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West Coast Bird Watching

Author: Carl from Pahrump (More Trip Reviews by Carl from Pahrump)
Date of Trip: April 2007

norcia monastery church australiaAt 7:45am we were off for the monastery in New Norcia (30.971S 116.217E). Spanish Benedictine Monks established the monastery in the 1860's on 30,000 sq miles of land (most leased from the state, some owned). In its peak there were 70 Monks, upwards of a 1000 kids in the boarding schools (one for white boys, one for white girls, one for Aborigine boys, and one for Aborigine girls -- with 8 ft brick fences separating the schools), and hundreds of employees. The monastery has been downsized to 23,000 acres and 7 Monks and 1 trainee today, and no school. It is still the largest employer in this part of WA.

We toured the art gallery. In 1986 some men from Sydney cut out and stole 25 paintings. They were soon caught and the last of the paintings have been restored and put back on exhibit.

At 11am we took a guided tour of the grounds. Our favorite part was a portion of the boy's chapel where they had religious graffiti painted on the walls

We had lunch at the hotel (everything in town is owned and operated by the Monastery). My wife had a foot long steak sandwich. I had fish and chips. It was exciting to get good fish and chips again!

For dinner Robin fixed chicken and pumpkin in a Green Peppercorn sauce (Green Peppercorns, Bay Leaves, Onion, chicken stock, and Ginger powder), served with wild rice. For dessert we had individual cherry-plumb almond crisp.

On April 2 we learned that Onion Jam is called Caramelized Onions in some cookbooks. At 8:40am we were heading north again. We didn't get very far before we had to turn around to be sure we had seen an Ostrich.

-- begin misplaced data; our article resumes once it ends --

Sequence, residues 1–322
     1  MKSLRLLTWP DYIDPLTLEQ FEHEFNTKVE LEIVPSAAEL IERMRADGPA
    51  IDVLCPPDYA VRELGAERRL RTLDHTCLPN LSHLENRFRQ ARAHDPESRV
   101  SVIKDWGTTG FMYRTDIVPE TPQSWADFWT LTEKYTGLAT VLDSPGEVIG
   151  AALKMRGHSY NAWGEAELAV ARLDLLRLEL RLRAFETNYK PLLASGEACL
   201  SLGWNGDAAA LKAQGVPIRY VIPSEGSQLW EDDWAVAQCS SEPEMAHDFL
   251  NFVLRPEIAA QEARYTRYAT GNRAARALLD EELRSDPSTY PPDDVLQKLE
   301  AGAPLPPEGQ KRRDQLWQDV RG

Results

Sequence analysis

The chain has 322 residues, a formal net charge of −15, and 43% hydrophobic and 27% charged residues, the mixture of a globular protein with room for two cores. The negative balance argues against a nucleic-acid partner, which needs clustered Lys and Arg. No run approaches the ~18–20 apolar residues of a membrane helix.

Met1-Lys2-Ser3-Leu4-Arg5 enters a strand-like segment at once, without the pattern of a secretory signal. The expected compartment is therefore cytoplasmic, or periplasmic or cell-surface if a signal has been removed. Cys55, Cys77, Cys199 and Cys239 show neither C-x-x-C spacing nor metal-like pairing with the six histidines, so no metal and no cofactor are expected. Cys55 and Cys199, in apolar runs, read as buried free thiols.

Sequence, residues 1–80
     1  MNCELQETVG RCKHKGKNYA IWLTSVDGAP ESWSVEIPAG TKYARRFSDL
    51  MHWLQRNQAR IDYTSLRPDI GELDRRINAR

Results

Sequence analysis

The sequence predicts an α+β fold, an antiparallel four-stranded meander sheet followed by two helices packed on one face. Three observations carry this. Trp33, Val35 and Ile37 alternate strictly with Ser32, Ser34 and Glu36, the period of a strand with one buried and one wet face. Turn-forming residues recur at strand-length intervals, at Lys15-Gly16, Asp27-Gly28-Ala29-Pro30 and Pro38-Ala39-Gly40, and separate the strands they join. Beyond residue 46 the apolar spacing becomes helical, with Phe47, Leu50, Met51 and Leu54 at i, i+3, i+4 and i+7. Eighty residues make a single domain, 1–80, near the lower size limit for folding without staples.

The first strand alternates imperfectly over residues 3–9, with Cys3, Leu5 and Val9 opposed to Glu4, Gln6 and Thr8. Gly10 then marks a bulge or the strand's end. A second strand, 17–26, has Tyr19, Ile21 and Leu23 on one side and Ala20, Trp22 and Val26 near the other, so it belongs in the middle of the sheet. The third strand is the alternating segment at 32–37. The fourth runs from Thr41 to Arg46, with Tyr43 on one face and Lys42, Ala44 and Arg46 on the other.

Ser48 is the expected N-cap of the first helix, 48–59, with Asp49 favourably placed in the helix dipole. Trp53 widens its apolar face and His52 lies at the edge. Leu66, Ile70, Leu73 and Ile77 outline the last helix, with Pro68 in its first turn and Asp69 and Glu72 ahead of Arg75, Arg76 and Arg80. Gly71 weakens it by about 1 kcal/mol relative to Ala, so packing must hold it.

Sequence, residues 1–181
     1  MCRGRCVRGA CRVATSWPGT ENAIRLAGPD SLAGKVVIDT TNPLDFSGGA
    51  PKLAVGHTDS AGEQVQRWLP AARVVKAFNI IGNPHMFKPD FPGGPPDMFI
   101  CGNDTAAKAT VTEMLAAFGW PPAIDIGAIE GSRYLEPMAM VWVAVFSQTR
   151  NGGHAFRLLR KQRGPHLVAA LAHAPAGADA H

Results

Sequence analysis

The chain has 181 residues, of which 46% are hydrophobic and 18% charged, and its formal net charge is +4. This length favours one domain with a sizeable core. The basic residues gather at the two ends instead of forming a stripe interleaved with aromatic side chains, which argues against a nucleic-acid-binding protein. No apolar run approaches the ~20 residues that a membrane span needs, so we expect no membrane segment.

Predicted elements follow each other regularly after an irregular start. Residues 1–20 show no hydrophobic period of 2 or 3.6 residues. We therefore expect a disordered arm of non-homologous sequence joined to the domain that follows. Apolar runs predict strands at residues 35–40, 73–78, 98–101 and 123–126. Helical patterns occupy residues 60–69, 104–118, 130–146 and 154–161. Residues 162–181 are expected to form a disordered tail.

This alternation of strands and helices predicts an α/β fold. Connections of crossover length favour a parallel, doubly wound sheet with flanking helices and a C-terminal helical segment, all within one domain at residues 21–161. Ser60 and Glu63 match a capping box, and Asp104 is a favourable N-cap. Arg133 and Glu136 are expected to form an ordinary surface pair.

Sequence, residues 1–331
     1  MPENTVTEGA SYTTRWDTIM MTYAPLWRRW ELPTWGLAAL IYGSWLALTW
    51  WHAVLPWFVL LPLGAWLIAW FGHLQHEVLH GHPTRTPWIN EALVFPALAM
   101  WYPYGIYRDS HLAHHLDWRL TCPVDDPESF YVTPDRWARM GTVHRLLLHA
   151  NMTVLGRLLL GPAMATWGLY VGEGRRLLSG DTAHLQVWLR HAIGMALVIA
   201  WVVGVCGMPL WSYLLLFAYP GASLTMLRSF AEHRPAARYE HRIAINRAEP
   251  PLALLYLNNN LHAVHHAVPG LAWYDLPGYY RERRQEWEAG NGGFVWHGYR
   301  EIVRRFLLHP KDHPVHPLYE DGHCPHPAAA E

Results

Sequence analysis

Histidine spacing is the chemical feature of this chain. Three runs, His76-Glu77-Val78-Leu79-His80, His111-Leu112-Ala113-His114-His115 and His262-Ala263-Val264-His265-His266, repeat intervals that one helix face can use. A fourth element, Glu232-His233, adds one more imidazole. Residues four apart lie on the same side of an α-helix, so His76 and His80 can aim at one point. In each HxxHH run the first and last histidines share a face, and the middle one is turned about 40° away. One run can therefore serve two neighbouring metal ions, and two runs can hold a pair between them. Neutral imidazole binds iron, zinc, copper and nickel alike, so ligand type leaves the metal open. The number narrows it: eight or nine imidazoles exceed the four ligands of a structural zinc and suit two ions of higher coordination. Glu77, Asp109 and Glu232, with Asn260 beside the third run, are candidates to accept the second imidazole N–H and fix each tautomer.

We stopped at Lanelin Beach for a quick look at the waves and brilliant sand. Not many birds, but heaps of Yellow Primrose along the road.

We pressed north to the Emu Downs Wind Farm. They had several hundred giant windmills pumping out electricity. The road to Cervantes was lined with Bottle Brush Bushes in full bloom. Part of the drive passed thru a Bee Conservation Area.

pinnacles desert national parkWe arrived at Cervantes, home of the Pinnacles Desert NP (a.k.a. Nambung NP 30.605S 115.156E), around Noon. It was Very bright and starting to get warm, so we opted for the 3 Km loop drive around the pointed limestone formations. I wasn't sure the car could navigate the loose sand, but squeezing between some of the formations became a bigger worry. This is a very desolate place. We only saw a pair of Black-faced Woodswallows.

The park was full of young women walking a path around the formations. As we left we discovered they were German Backpackers who had arrived on the Big Yellow Backpacker Bus that runs between Darwin and Perth.

We got to the Willow Gully Farmstay at 4pm. We stayed in an early settler cottage on what used to be an Olive Farm. All the walls were plaster over field rocks. The fields also had rock walls.

On April 3 we were off at first light taking the short cut to the coast. This area reminded us of the Nullarbor -- no trees. Occasionally, we got a glimpse of the ocean on the horizon.

kalbarri national park natural bridgeWe stopped in Kalbarri NP (27.736S 114.148E) at several viewing areas. The coastline was awesome, but the flies were horrid. We had a long drive ahead of us, so we got moving north at 10am. Fortunately, the lanes were wide with paved shoulders, so we could cruise at 110Kmph.

We saw a road sign this morning that said: Fix Australia Fix the Roads

We thought a more appropriate sign would be: Fix Australia Put Bathrooms at Rest Areas

We got to Coral Bay Resort at sundown with the sun dead-on in my eyes -several times I had to stop in the road because I couldn't see.

On April 4 we walked over to the beach around 7:30am to get orientated. It was already getting hot and humid.

About 8:30am we were back to the beach to go snorkeling. The water was warm, but not particularly clear. We managed to see several Sting Rays. There wasn't much coral or fish life, but we did see a French Angelfish.

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